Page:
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Indian Catholics help Myanmar Christian refugees

Catholic charities in Mizoram lend a helping hand as thousands flee unrest in the neighboring country

Indian Catholics help Myanmar Christian refugees

Refugees collect water at Pang village in India's northeastern state of Mizoram near the Myanmar border after people fled across the border following attacks by Myanmar's military on villages in Chin state. (Photo: AFP)

The Catholic Church in India’s Mizoram state has joined other Christian denominations and youth associations in assisting Christian refugees fleeing unrest in Myanmar.

According to media reports, over the past six months thousands of Christians from Myanmar have sought refuge in Christian-dominated Mizoram after the military junta intensified its crackdown on rebels in Chin state bordering India.

“At present there are around 15,000 refugees from Myanmar living in Mizoram, mostly in Champhai on the Indo-Myanmar border, a strategically important location,” Bishop Stephen Rotluanga of Aizawl told UCA News.

“The Church is engaged in humanitarian work along with several other denominations, Caritas India, Catholic Relief Services, the Young Mizo Association and NGOs. Our top priorities are to give them shelter, medicines and food and we have successfully executed our program along with the help of our partners.

“There is no problem for us to help the refugees because people from Myanmar have been coming back and forth to Mizoram for decades. Many have relatives on both sides of the border, hence people can understand their suffering and welcomed them with open arms.

“Many refugees are staying with their relatives and others are in relief camps managed by churches and NGOs. The Young Mizo Association is very active and helping all the agencies to fulfil the requirements."

There are several issues that have to be tackled with love and care as the refugees are in shock and are in trauma leaving their country

Bishop Rotluanga said the state government has encouraged and appreciated the relief work and Mizoram's chief minister had even asked the prime minister to help with emergency relief funds. 

“There are several issues that have to be tackled with love and care as the refugees are in shock and are in trauma leaving their country. Many have lost their near and dear ones. Most of them are Christians at our camp but there are also a few Muslims,” he said.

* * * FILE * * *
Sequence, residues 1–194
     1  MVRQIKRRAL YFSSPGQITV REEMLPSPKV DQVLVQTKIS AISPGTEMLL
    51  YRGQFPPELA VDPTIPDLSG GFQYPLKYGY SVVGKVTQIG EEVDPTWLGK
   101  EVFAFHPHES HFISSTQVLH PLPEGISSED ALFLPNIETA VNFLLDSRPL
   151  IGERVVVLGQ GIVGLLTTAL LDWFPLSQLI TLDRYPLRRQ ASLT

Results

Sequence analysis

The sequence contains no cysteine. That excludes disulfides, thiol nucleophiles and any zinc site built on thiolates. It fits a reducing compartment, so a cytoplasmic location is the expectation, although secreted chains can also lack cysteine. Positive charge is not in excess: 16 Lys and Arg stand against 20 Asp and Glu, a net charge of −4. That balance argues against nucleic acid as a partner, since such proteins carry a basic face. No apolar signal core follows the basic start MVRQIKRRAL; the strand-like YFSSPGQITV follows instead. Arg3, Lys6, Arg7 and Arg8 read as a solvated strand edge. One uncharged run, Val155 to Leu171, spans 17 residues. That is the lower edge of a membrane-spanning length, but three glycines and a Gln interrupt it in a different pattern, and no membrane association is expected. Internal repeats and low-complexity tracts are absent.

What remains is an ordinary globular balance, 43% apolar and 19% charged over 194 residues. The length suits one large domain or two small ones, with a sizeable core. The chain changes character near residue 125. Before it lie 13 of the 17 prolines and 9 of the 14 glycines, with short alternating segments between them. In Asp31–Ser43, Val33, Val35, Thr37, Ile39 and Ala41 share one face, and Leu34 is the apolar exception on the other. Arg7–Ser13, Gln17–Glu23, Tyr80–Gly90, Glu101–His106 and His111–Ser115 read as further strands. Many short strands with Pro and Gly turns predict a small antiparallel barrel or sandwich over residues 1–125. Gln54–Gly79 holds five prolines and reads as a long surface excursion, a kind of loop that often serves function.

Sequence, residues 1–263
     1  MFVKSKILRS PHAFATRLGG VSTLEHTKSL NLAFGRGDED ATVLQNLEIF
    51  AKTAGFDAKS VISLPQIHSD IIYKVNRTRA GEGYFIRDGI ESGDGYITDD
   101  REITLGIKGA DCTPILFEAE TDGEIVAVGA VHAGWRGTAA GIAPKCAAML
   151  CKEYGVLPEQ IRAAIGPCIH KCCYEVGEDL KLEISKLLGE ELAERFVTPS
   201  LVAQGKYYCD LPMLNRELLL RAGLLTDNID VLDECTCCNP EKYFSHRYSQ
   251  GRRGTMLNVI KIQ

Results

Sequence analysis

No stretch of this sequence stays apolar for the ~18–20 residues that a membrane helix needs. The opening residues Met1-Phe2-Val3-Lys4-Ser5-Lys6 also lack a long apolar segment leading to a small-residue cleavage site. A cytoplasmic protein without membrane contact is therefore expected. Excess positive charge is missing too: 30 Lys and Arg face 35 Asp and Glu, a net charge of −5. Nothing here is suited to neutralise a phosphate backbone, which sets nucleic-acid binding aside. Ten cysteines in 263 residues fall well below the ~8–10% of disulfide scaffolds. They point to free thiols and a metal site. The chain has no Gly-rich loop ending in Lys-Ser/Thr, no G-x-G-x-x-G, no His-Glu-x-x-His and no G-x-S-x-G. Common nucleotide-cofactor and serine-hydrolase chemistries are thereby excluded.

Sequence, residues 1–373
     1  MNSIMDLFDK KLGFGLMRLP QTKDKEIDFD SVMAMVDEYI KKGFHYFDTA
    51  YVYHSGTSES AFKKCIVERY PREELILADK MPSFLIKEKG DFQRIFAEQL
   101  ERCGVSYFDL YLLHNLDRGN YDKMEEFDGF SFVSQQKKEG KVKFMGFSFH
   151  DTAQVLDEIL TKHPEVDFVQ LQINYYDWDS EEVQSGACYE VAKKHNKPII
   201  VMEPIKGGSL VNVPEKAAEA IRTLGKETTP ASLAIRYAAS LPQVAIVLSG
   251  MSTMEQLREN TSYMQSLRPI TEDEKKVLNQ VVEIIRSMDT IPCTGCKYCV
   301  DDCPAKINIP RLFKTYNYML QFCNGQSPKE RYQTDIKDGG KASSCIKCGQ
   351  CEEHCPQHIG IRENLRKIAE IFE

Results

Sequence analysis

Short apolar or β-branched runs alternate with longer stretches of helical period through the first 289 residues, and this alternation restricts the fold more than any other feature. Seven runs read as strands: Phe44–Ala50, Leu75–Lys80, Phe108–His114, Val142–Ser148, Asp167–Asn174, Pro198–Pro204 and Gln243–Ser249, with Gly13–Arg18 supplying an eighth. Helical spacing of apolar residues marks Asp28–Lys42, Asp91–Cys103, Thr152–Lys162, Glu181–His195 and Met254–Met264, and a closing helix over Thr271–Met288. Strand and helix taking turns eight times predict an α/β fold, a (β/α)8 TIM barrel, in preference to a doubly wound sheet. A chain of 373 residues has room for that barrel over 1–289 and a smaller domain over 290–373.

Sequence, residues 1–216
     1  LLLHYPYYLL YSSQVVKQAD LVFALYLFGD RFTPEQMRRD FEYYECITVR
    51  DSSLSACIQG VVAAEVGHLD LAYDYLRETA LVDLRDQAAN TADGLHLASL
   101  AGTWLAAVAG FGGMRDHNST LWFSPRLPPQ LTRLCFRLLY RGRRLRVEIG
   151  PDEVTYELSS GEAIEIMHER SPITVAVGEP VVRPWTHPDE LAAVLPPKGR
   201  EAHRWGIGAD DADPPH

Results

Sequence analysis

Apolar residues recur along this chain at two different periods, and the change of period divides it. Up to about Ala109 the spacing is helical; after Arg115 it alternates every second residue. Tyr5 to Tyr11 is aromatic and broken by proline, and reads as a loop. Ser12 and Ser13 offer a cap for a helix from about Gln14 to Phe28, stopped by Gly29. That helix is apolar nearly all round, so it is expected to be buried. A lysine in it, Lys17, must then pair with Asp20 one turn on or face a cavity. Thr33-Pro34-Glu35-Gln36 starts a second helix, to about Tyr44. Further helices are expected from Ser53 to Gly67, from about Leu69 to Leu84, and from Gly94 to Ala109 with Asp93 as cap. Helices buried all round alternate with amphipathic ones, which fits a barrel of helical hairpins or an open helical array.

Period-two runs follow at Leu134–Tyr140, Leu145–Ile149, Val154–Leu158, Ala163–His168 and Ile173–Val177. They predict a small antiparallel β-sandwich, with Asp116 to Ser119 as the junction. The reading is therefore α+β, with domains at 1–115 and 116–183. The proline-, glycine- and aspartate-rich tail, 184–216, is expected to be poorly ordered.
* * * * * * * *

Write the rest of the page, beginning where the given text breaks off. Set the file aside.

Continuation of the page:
Several Myanmar refugees have been moving back and forth depending on the situation in their country but recent air strikes have made it one-way traffic recently.

Reports said that unrest intensified after the Chinland Defence Force and Chin National Army captured a Myanmar army camp close to the Mizoram border and detained 12 soldiers.

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“We are expecting more refugees in our state after fresh conflict flared up. We already have around 11,500 refugees in our state at present,” said C. Lalrosanga, a member of the lower house of parliament.

Lalrosanga said the Chins of Myanmar are ethnically related to the Mizos of Mizoram. Militias of the former have sided with the pro-democracy forces, specifically the National Unity Government, Myanmar’s government in exile.

State government officials say Myanmar refugees swim across the Tiau River or use small boats.

However, Lalrosanga said in the absence of any policy regarding Myanmar refugees, villagers in Mizoram have been taking care of the refugees.

He said that he and Mizoram state officials met Home Secretary Ajay Kumar Bhalla recently to apprise him of the situation and seek assistance for the refugees on humanitarian grounds.

But according to an advisory from the Ministry of Home Affairs, states and union territories have no power to grant refugee status to any foreigner, and India is not a signatory of the UN Refugee Convention of 1951 and its 1967 protocols.

Mizoram, sandwiched between Bangladesh and Myanmar, is one of India's only three Christian-majority states. Christians form almost 90 percent of the state's 1.1 million people. In Meghalaya and Nagaland states, also in northeastern India, Christians are close to 90 percent.

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